The list of threatened and endangered species is growing rapidly, due to various anthropogenic causes. Many endangered species are present in captivity and actively managed in breeding programs in which often little is known about the founder individuals. Recent developments in genetic research techniques have made it possible to sequence and study whole genomes. In this study we used the critically endangered Visayan warty pig (Sus cebifrons) as a case study to test the use of genomic information as a tool in conservation management. Two captive populations of S. cebifrons exist, which originated from two different Philippine islands. We found some evidence for a recent split between the two island populations; however all individuals that were sequenced show a similar demographic history. Evidence for both past and recent inbreeding indicated that the founders were at least to some extent related. Together with this, the low level of nucleotide diversity compared to other Sus species potentially poses a threat to the viability of the captive populations. In conclusion, genomic techniques answered some important questions about this critically endangered mammal and can be a valuable toolset to inform future conservation management in other species as well.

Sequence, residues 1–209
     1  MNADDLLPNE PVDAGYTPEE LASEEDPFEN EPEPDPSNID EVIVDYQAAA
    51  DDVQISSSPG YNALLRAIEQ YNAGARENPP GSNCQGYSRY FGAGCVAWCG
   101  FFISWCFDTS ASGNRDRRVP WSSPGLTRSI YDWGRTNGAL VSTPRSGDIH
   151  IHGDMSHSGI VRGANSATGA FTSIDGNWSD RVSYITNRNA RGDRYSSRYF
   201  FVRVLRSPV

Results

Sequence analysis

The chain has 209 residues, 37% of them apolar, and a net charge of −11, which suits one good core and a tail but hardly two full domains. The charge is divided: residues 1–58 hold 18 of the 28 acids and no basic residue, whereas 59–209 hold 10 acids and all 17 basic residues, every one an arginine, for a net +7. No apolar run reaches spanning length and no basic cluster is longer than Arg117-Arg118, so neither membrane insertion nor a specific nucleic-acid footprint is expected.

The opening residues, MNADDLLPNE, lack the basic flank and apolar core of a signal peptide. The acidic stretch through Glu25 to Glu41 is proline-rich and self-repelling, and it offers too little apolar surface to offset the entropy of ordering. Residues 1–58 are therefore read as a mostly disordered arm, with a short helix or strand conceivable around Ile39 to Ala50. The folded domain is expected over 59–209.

Using genome-wide measures of coancestry to maintain diversity and fitness in endangered and domestic pig populations
Bosse, M. (Creator), Megens, H. (Creator), Madsen, O. (Creator), Crooijmans, R. (Creator), Ryder, O. A. (Creator), Austerlitz, F. (Creator), Groenen, M. A. M. (Creator) & de Cara, M. A. R. (Creator), Wageningen University, 13 May 2015